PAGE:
The world is full of people who are grabbing and self-seeking.

So the rare individual who unselfishly tries to serve others

has an enormous advantage. He has little competition.

The initial contributions you make are easy, almost trivial. You start by searching the Internet for the online presence of each of the people on your list.

Look for a Twitter account, a blog, or other online content they’ve produced. If they have a Twitter account, follow them. If you see a website in a person’s Twitter or LinkedIn profile, go to that website, start reading, and hit a Like button if you like any of it. If you want to keep receiving updates, look for a Follow button or the ability to subscribe by email. There’s no need to worry about what to say or write. For now, all you’re looking for is an unobtrusive way to move the relationship from they have no idea who I am to they’ve seen my name.

During the rest of your 11 weeks together, you’ll learn about making more significant contributions, ones that take more effort but have more value both to you and the people in your network. You’ll practice generosity with more people in a wider variety of contexts and you’ll discover other gifts you have to offer.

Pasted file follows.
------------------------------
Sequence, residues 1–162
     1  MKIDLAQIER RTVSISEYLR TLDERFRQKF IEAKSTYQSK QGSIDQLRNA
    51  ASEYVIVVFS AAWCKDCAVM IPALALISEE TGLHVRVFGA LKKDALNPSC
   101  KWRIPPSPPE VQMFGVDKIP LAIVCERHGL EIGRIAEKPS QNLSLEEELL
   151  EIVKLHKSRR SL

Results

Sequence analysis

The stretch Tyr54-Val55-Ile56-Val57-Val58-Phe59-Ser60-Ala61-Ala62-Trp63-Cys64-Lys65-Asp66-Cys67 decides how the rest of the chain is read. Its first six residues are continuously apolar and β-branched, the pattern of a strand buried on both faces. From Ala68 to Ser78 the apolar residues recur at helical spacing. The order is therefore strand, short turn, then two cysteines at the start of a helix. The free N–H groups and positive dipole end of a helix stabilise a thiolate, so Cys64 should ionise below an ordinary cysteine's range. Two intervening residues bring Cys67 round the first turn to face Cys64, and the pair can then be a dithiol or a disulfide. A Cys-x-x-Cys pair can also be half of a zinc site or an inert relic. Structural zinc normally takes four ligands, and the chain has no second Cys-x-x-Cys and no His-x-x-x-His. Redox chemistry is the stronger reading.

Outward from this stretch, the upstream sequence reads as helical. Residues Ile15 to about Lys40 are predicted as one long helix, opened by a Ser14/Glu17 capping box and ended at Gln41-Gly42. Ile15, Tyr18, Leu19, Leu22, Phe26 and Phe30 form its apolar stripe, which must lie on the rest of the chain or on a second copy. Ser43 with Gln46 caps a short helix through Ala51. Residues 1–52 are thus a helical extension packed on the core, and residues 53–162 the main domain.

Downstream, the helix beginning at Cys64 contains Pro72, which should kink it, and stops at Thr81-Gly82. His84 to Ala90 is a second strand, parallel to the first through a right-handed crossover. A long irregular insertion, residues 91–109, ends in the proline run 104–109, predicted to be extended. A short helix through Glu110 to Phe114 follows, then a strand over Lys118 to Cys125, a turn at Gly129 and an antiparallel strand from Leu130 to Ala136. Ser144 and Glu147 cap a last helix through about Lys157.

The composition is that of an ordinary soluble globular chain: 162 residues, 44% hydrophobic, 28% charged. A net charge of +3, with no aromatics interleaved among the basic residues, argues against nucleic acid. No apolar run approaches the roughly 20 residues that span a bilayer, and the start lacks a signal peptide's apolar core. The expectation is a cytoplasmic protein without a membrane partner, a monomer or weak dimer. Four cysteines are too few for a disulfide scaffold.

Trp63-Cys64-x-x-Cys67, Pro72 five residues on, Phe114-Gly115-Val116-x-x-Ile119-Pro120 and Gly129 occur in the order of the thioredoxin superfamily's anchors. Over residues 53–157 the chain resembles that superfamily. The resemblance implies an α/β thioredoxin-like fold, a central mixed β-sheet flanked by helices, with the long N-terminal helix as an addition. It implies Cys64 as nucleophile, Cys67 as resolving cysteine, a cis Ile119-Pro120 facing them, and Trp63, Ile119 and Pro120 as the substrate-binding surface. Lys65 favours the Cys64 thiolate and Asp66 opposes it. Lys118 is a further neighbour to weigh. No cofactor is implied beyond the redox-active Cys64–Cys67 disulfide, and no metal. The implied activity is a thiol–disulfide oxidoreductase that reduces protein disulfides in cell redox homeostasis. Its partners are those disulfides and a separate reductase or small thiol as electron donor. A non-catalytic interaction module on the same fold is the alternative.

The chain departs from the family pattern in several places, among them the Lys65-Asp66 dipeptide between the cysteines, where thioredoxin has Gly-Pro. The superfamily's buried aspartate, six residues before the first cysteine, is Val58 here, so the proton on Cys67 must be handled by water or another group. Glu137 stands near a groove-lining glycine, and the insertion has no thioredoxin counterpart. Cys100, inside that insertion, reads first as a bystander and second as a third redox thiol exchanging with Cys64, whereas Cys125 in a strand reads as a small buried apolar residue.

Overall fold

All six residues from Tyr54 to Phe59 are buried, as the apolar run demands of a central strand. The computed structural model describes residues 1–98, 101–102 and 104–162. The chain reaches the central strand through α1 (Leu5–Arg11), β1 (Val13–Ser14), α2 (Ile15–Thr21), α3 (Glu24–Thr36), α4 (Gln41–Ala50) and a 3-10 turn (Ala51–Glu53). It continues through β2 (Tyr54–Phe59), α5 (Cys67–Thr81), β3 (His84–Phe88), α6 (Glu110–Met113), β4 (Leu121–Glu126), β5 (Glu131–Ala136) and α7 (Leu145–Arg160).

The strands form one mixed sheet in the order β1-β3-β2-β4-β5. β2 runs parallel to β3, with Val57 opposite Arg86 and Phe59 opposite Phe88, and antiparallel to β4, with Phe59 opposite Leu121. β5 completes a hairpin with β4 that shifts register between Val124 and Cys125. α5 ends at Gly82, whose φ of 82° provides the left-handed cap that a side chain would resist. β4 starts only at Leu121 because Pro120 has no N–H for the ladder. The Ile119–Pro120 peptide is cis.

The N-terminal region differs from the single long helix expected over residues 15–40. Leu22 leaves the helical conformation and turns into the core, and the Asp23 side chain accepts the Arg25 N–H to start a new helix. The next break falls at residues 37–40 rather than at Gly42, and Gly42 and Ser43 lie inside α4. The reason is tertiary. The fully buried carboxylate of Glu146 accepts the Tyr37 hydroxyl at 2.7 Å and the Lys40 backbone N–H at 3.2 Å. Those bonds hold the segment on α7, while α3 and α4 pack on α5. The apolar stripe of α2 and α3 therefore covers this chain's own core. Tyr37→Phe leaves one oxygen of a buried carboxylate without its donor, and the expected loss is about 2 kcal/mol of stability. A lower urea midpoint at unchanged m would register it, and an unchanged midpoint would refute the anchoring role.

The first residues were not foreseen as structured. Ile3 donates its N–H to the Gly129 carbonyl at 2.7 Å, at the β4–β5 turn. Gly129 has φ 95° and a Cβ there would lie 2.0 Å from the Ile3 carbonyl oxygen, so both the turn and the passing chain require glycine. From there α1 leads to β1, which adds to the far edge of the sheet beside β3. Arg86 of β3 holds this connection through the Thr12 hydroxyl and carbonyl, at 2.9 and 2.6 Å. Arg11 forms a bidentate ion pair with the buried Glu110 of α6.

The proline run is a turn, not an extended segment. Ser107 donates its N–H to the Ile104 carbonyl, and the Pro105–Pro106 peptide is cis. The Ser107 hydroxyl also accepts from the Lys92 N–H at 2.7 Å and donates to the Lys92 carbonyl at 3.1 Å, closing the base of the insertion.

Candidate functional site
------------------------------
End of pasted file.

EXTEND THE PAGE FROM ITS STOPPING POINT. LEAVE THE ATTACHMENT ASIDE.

Congratulations

The changes we want in our careers and our lives can seem so daunting that we don’t even know where to begin. For me, it wasn’t until I was in my mid-forties that I began even thinking about alternatives and that was only because I was forced to.

But you could start this week with three simple steps that take less than an hour. Practicing those steps - What am I trying to accomplish? Who can help me? What can I contribute to these people to deepen our relationships? - creates a powerful mindset. Over time, you develop an open, generous, connected approach to work and life. And that mindset increases your chances of finding meaning and fulfillment in whatever you do.

Take the first step and your mind will mobilize all its forces to your aid.

But the first essential is that you begin.

- Robert Collier